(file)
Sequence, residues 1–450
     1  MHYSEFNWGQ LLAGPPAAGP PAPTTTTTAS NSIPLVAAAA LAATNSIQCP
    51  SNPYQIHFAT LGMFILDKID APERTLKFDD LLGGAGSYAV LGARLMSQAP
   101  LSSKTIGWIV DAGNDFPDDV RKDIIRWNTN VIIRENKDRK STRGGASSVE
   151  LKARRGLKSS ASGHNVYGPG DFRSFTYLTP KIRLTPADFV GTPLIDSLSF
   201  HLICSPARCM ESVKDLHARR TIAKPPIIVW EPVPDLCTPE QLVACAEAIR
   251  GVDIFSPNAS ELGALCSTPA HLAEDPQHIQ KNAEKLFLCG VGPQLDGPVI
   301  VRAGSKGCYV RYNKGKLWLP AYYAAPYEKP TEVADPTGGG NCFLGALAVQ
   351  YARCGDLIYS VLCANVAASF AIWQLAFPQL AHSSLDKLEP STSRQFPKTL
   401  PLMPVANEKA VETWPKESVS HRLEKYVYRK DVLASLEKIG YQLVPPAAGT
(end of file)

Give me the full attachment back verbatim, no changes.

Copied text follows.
Sequence, residues 1–450
     1  MHYSEFNWGQ LLAGPPAAGP PAPTTTTTAS NSIPLVAAAA LAATNSIQCP
    51  SNPYQIHFAT LGMFILDKID APERTLKFDD LLGGAGSYAV LGARLMSQAP
   101  LSSKTIGWIV DAGNDFPDDV RKDIIRWNTN VIIRENKDRK STRGGASSVE
   151  LKARRGLKSS ASGHNVYGPG DFRSFTYLTP KIRLTPADFV GTPLIDSLSF
   201  HLICSPARCM ESVKDLHARR TIAKPPIIVW EPVPDLCTPE QLVACAEAIR
   251  GVDIFSPNAS ELGALCSTPA HLAEDPQHIQ KNAEKLFLCG VGPQLDGPVI
   301  VRAGSKGCYV RYNKGKLWLP AYYAAPYEKP TEVADPTGGG NCFLGALAVQ
   351  YARCGDLIYS VLCANVAASF AIWQLAFPQL AHSSLDKLEP STSRQFPKTL
   401  PLMPVANEKA VETWPKESVS HRLEKYVYRK DVLASLEKIG YQLVPPAAGT